One of the lessons of the book Borrowing Brilliance by David Cord Murray (Gotham Books, 2009) is that we can often learn the most about how to solve problems in our own work by looking to how other organizations have addressed similar problems; and moreover, we can sometimes learn most by looking furthest from our own type of organization.
So we took special interest in the lessons learned by the convention business during their economic horrors of 2009. Linda Schwartz, senior director of marketing and communications for a Chicago-based association management company, provided the following list of “lessons learned” in the December/January issue of Association Convention and Facility Magazine:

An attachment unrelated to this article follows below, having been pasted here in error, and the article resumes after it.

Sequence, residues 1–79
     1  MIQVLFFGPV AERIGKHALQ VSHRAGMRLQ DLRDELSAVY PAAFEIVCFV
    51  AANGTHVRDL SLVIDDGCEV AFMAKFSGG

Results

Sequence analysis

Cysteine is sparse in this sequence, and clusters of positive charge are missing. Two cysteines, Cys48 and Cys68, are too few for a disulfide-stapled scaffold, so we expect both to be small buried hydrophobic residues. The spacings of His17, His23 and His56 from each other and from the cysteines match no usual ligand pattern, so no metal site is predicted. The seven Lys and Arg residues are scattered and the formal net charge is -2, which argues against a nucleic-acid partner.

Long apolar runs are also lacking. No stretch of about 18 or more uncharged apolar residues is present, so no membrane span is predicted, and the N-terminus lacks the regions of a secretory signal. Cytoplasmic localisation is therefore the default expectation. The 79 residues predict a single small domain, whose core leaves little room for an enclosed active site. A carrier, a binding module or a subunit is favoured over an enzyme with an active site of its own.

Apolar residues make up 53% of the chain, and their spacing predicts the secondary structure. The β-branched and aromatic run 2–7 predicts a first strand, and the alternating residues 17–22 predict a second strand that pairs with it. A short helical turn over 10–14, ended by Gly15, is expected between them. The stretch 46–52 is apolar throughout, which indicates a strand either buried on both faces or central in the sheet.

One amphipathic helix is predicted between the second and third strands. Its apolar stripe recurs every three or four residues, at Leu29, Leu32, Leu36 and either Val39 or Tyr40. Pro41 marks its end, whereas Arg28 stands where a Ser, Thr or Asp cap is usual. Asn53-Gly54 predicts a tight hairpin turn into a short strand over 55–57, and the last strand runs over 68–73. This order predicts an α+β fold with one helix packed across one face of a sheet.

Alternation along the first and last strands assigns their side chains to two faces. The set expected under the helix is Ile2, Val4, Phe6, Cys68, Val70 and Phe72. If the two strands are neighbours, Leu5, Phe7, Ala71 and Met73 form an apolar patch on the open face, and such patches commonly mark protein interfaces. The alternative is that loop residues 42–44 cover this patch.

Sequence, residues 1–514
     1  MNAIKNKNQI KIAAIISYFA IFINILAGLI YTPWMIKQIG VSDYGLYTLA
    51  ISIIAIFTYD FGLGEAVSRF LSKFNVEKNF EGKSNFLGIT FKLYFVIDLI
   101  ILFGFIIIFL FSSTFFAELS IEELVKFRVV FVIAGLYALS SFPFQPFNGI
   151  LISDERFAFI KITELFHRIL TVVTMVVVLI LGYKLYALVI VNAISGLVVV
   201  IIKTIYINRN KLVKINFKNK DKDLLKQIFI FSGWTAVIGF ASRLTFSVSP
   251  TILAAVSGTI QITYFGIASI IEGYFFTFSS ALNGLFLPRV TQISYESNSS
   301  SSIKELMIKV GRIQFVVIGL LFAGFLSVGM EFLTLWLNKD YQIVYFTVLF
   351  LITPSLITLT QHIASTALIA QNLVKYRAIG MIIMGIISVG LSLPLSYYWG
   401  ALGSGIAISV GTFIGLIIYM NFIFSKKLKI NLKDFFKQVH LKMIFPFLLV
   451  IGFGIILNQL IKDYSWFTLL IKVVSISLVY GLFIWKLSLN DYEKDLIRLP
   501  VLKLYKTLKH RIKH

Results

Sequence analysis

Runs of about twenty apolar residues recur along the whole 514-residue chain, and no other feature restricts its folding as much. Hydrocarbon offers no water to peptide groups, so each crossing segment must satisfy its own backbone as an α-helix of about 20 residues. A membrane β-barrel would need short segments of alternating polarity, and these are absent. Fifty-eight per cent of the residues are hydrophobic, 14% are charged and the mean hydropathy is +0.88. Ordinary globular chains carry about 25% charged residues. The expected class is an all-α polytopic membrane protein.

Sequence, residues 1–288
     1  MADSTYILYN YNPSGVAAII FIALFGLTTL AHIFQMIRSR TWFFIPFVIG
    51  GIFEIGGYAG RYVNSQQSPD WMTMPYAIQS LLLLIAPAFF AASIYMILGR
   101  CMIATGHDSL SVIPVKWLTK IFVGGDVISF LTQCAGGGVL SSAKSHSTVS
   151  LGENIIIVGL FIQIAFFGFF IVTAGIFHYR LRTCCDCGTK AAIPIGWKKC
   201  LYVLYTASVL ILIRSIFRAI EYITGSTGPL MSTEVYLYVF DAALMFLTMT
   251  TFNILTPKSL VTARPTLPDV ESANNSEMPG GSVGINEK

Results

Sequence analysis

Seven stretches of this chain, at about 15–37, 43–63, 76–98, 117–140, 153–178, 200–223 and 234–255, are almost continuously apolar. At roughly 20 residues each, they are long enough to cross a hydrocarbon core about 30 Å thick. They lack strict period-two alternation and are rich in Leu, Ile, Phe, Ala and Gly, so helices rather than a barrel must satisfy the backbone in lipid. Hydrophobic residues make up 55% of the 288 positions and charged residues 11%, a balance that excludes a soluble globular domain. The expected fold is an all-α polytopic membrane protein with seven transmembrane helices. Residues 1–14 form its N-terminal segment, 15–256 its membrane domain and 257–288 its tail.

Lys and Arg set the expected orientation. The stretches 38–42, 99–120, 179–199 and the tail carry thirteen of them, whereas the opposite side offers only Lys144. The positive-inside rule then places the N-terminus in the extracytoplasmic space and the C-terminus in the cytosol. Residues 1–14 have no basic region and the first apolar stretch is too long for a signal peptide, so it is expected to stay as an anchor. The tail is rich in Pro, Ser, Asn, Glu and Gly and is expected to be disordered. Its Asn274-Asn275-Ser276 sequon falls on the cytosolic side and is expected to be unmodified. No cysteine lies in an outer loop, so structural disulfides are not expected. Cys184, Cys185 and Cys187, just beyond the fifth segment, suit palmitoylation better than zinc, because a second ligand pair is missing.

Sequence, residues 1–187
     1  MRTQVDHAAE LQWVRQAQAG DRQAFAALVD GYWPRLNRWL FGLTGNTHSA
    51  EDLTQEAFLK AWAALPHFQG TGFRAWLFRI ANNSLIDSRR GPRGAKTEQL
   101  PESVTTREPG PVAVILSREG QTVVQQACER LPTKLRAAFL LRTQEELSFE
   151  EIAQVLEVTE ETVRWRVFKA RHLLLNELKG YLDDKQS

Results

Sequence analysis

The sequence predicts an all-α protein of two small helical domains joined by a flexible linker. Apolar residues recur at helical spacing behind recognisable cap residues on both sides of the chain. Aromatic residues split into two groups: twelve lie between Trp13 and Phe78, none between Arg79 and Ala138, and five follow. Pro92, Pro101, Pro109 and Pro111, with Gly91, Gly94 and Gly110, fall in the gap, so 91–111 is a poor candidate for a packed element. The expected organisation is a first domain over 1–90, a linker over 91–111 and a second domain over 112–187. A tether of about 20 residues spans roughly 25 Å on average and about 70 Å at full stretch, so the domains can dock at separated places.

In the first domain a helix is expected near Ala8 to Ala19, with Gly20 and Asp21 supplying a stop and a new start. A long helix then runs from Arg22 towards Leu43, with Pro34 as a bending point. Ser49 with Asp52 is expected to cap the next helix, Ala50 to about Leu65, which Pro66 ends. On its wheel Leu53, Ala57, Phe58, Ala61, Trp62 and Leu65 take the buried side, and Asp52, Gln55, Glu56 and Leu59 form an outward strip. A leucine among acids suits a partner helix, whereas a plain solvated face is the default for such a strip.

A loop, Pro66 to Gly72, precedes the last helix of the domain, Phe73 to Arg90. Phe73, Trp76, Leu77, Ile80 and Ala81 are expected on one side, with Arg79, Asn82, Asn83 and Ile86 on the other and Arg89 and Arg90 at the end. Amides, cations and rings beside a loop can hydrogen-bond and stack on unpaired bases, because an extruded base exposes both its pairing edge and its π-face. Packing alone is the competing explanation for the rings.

Ms. Schwartz reports that her industry learned . . .
#1 our core audience has not deserted us;
#2 what to keep and what to discard;
#3 to respect constituents’ time and budgets;
#4 to embrace new technology;
#5 to remain strong and relevant.
These are among the lessons we’ve been learning – and applying – in school sports as leaders, on all levels, steer the enterprise of educational athletics through turbulent times. Evidence of these lessons should be revealed during the weeks and months ahead throughout MHSAA programming, on this website and certainly in this blog.